March 30, 2021 | How to help with the most recent storm damage clean-up. Click here.
March 2021 | Tornado Remembrance Vigil at East End UMC
March 2021 | One Year Later Middle Tennessee Tornadoes’ Destruction and Desolation are Replaced by Help and Hope
December 2020 | Tornado Relief Volunteer Opportunities
Our Tornado Recovery Connection case managers continue to work with survivors of the March tornadoes. As they hear about needs volunteers can assist with now and into the new year, they hand them over to partner organization, Hands On Nashville, to coordinate.
Currently, volunteers are being sought for the following important opportunities:
An innovative project of the Tennessee Conference of the United Methodist Church is virtually linking hands with survivors of the March 3, 2020, tornadoes in Tennessee.
The Tornado Recovery Connection (TRC), funded by a grant to the conference from the Middle Tennessee Community Foundation, provides a listening ear for those who have experienced a variety of tornado-related losses, connecting callers to resources for their immediate needs. The project will also capture survivors’ long-term losses, those things they cannot immediately fix, that they will need to fully recover.
Fourteen volunteer and paid outreach workers are staffing 615-270-9255 to talk with survivors about their immediate and long-term needs, including how the COVID-19 virus is impacting their ability to recover. These outreach workers care about every loss a survivor might have experienced, from a broken house to a broken heart. The immensely valuable data from these calls will help generate resources needed for community recovery. TRC has already begun speaking with survivors.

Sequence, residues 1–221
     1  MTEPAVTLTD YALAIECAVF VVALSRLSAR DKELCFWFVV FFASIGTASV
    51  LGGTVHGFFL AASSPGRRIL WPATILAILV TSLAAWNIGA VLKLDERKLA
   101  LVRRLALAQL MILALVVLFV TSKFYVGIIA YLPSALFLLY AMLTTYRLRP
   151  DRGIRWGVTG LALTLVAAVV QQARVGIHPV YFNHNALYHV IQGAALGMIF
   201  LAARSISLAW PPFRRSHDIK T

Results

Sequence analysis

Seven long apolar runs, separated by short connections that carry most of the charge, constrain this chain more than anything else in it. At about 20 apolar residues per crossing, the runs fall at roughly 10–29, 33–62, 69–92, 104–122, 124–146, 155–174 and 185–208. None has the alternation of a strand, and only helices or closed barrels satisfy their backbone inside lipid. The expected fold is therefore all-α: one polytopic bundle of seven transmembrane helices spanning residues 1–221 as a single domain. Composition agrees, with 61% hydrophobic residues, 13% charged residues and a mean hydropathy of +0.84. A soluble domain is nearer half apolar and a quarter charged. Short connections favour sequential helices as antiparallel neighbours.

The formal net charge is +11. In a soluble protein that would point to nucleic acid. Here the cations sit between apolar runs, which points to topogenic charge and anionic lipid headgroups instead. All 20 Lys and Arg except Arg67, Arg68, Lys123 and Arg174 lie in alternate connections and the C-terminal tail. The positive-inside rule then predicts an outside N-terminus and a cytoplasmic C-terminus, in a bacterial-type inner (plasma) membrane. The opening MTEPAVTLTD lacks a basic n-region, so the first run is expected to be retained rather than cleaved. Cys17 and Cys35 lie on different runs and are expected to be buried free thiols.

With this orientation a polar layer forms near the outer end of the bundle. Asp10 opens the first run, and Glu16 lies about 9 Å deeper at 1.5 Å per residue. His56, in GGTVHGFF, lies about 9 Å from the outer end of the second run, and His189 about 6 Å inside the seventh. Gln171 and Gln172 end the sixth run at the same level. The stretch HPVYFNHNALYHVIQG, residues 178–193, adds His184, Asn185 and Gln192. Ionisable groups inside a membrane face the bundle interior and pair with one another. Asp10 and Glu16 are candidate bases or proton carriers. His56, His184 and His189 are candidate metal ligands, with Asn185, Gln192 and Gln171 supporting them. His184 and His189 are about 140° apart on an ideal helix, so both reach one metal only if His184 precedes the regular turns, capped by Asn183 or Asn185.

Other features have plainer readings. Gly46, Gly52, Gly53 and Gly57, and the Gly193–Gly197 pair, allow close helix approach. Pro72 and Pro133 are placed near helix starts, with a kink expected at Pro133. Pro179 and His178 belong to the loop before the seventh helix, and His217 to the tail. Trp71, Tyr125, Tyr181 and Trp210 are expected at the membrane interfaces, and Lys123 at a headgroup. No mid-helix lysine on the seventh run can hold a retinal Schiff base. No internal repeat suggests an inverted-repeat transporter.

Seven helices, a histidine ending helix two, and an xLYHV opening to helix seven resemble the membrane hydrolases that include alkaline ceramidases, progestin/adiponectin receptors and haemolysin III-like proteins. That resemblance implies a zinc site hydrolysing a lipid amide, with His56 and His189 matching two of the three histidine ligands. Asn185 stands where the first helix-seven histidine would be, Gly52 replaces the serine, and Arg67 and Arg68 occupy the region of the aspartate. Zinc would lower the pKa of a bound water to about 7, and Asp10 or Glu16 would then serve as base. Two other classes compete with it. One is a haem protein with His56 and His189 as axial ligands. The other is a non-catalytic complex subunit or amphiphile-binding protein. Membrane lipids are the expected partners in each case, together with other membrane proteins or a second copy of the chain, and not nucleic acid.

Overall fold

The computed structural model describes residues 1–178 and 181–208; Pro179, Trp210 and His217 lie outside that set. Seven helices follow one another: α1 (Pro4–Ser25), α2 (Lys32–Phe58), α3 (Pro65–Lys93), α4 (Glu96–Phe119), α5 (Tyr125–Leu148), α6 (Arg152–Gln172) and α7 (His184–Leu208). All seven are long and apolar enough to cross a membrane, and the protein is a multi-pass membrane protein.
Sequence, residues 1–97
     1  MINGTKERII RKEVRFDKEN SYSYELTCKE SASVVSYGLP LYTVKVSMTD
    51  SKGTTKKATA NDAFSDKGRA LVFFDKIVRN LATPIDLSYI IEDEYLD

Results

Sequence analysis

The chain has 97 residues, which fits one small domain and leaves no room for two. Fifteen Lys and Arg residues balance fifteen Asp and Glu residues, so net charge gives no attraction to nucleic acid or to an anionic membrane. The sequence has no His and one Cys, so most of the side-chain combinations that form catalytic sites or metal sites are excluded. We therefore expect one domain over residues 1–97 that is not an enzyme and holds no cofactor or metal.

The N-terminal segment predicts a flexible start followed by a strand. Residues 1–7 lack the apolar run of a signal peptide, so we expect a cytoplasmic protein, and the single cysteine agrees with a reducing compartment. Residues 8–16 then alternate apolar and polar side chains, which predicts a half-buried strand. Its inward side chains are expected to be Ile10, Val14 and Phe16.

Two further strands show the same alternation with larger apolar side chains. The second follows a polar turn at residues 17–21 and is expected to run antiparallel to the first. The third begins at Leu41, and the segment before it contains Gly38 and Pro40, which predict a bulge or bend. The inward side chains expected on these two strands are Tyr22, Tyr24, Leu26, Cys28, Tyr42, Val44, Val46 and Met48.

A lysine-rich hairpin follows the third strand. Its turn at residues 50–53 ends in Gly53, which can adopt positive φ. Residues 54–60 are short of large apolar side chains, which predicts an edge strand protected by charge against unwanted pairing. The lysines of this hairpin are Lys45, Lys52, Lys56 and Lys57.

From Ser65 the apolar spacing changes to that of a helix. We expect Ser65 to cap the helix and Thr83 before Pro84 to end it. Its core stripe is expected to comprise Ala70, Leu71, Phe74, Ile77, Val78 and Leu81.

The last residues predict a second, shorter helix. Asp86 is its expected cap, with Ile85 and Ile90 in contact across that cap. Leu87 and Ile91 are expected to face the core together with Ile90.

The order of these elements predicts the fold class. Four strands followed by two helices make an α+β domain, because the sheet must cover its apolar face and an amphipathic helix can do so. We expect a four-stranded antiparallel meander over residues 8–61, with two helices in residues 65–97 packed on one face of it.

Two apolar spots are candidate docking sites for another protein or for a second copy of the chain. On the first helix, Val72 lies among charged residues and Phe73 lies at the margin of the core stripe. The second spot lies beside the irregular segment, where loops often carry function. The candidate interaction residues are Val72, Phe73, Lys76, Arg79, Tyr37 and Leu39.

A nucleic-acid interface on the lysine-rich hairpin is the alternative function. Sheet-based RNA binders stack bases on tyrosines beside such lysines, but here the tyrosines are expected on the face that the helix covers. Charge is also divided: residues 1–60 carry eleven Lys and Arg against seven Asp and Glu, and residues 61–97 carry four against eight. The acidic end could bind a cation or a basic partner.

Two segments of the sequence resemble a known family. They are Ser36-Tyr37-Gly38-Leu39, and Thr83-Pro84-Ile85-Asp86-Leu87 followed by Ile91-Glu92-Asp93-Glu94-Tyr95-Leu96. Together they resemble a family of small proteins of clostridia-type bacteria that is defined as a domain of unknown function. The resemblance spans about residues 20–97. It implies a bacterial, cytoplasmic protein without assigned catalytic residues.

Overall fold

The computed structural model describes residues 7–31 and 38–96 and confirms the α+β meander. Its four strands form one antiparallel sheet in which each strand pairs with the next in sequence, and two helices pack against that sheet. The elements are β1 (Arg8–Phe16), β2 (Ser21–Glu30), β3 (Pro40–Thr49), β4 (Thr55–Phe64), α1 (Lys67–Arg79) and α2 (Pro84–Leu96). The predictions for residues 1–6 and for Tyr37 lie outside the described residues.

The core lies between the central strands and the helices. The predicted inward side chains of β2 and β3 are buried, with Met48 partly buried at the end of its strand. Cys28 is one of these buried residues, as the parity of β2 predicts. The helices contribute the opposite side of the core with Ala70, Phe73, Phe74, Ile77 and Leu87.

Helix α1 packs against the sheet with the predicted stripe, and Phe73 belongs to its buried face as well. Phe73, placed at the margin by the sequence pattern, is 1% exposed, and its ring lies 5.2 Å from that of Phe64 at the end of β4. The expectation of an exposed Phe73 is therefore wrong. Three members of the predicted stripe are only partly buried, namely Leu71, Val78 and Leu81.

Tennessee Conference Disaster Response Coordinator Rev. Robert Craig sought the grant. He sees this project as a way to expedite recovery by locating survivors quickly to assess how many case managers will be needed.
“The initial relief efforts of the Tennessee Conference were made possible by funding from the United Methodist Committee on Relief (UMCOR),” said Craig. “As we have been working to transition from relief to the recovery work, UMCOR consultants Christy Smith and Angela Overstreet have been instrumental gifts to our Conference and our communities. The work of the Tornado Recovery Connection also has been made possible by a generous grant from the Community Foundation of Middle Tennessee.”
Just over two months since the tornadoes struck, the Tennessee Conference is well ahead of the usual disaster response timeline, according to UMCOR. Despite hurdles caused by the communities’ COVID-19 lockdowns, tornado recovery planning has continued virtually with an active Nashville planning group and long-term recoveries forming in Wilson and Putnam counties.
With the information gathered, disaster case management and recovery plans for survivors can be ready when volunteer rebuild teams are able to come in person to serve in Metro Davidson, Wilson, and Putnam Counties in middle Tennessee.
“The ministry of long-term recovery in Middle Tennessee will be a joint effort with many organizations. The Tennessee Conference will be heavily involved in the work of Disaster Case Management as well as repair and rebuild projects. This ministry will be funded by the generosity of our local churches, sister conferences, UMCOR grants, and the Community Foundation,” said Craig.
Survivors who would like to partner with The Tornado Recovery Connection Long-term Recovery Group, should contact the phone number for unmet needs. Survivors will then be referred to disaster case managers who will assist as they navigate the obstacles they are confronting as they plan for and live into recovery.